How to ditch your backpack on MTB rides — six alternatives to lighten your load

Suggestions for riding light, fast and pack-free, without skimping on the essentials

There are several advantages to riding without a pack, from weight saving to improved freedom of movement on the bike and no more sweat patches on your back. Not to mention that on super-steep trails, the last thing you need is a fully-laden rucksack hitting you in the back of the head.

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Bags are useful for carrying stuff, but with the range of clever solutions on the market these days, most of what you need for short rides can be stashed on your bike and body — as long as you’re prepared to forego packing the kitchen sink.

6 ways to go pack free

How to ride light, fast and pack-free, without skimping on the essentials
There are lots of ways to store essentials on your person and bike
Andy Lloyd / Immediate Media

1. Stealth storage

Ingenious compact multi-tools are available that can be housed in your fork steerer (OneUp) or crank axle (All In). You can also get chain tools that fit in your headset (Specialized) or bar ends (Topeak), leaving less to stuff into your pockets.

2. Strapped on

Backcountry Research, MTB Strap-On and others make tough Velcro straps for attaching a spare inner tube and CO2 canisters to your bike. Tubes can be strapped to saddle rails too, but may get hit by the back wheel on long-travel bikes.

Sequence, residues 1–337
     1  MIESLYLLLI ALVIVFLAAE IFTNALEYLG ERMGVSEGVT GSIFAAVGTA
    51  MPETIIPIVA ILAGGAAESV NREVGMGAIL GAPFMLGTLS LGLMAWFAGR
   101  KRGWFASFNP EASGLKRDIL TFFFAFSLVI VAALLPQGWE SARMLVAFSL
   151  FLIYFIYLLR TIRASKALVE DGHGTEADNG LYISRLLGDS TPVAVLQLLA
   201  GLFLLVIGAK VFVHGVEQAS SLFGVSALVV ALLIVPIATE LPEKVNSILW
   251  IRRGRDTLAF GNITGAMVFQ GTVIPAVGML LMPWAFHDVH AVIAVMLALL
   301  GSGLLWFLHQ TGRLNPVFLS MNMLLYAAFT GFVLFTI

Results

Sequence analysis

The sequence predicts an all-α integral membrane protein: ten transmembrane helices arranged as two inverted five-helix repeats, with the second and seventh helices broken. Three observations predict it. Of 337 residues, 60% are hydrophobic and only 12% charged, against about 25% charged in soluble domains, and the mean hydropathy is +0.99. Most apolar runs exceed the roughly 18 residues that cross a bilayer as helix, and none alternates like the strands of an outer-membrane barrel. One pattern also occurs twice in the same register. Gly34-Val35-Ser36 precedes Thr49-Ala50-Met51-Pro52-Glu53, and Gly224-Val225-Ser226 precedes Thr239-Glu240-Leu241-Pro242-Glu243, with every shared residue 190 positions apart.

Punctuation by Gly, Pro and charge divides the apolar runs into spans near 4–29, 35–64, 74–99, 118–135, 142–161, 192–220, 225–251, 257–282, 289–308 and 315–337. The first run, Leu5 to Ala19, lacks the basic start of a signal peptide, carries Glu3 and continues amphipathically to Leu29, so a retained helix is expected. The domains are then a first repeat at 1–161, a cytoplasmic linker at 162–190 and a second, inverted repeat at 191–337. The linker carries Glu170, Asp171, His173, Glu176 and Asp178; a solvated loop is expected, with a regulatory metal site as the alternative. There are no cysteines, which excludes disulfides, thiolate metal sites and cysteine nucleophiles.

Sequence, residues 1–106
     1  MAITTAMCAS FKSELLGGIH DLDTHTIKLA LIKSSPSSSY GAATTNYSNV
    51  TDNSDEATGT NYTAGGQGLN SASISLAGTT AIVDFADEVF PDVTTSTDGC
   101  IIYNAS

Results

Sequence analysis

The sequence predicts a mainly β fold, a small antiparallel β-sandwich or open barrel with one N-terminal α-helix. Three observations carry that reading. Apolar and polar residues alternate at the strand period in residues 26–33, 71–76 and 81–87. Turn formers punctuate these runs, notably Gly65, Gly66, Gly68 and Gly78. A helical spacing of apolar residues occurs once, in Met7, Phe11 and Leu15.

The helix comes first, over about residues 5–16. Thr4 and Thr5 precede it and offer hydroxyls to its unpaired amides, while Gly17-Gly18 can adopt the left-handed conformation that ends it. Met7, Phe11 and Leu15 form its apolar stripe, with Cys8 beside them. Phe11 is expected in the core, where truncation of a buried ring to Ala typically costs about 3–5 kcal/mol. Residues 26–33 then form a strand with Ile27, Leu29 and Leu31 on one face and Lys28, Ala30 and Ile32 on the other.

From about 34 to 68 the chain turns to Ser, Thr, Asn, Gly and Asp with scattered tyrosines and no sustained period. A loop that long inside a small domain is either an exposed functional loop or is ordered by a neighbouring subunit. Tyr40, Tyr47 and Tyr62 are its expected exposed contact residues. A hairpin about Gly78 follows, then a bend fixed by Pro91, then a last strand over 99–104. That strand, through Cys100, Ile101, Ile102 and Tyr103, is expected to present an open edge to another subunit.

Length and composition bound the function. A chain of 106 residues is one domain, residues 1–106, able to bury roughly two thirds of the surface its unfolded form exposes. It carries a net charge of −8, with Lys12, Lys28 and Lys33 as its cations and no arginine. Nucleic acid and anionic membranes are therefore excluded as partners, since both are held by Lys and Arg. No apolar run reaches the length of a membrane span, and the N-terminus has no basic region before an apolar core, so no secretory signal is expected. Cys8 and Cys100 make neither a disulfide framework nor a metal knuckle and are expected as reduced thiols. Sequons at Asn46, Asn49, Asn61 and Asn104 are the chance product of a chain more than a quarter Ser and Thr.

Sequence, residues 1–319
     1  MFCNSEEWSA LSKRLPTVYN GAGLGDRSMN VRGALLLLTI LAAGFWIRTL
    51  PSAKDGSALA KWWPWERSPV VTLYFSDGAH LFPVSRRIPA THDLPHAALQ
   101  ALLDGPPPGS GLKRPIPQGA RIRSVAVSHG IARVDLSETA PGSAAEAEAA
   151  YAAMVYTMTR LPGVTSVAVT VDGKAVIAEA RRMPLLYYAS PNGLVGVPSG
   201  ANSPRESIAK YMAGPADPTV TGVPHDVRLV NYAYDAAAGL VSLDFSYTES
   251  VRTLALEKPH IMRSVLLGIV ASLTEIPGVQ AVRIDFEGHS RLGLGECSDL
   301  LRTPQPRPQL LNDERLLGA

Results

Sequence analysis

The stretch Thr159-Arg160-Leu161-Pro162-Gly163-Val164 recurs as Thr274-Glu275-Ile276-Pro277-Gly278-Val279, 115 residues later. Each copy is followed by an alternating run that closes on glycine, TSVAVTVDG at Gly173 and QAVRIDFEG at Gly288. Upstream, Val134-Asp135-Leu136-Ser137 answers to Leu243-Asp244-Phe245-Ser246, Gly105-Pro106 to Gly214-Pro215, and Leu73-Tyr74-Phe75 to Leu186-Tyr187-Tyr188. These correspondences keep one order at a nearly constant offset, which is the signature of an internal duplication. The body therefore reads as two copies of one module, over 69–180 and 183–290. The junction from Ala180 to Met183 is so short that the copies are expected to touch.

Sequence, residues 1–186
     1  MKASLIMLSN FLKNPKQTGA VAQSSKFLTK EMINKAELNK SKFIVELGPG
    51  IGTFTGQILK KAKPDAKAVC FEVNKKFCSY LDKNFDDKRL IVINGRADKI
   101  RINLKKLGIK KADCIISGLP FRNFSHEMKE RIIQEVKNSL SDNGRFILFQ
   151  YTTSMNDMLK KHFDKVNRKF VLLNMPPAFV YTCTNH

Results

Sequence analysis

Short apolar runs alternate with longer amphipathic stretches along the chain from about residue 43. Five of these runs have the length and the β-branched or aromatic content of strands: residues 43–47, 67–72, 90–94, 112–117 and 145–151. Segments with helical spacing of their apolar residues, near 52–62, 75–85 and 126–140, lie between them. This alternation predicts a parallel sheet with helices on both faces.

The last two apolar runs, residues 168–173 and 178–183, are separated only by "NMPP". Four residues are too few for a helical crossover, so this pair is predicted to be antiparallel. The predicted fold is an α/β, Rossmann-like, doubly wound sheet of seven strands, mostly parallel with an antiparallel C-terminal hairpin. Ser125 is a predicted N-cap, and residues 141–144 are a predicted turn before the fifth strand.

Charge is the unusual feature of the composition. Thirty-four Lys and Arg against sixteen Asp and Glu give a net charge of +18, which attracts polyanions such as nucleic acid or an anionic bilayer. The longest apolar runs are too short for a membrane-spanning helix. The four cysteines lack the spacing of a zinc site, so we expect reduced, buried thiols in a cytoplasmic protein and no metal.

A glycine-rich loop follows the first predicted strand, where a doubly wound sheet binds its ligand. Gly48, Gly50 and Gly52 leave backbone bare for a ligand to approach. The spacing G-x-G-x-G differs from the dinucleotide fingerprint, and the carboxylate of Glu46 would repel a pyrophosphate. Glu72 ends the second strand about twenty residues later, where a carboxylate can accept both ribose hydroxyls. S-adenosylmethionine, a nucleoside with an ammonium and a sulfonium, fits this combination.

3. Bottle cage

The obvious way to stay well-watered without carrying a hydration pack is to fit a bottle cage. Try Specialized, Syncros or Topeak for ones with pump and/or tool integration. If you’re not bothered about water, Fabric’s Tool Keg mounts on your bottle bosses and lets you stow kit.

4. Baselayers and liners

Bib shorts and baselayers with integrated storage let you stash essentials subtly under your jersey. Stuffing the rear pockets won’t restrict movement, but be wary of stowing hard, sharp-edged objects that might stick into you in a crash.

5. On your cables

Spare master links for your chain can be taped onto brake or gear outers. Tubeless repair kits can be attached similarly.

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6. Taped in place

With a roll of electrical tape from your local DIY shop, just about anything can be attached to your bike: energy gels, a banana or even a pack of biscuits!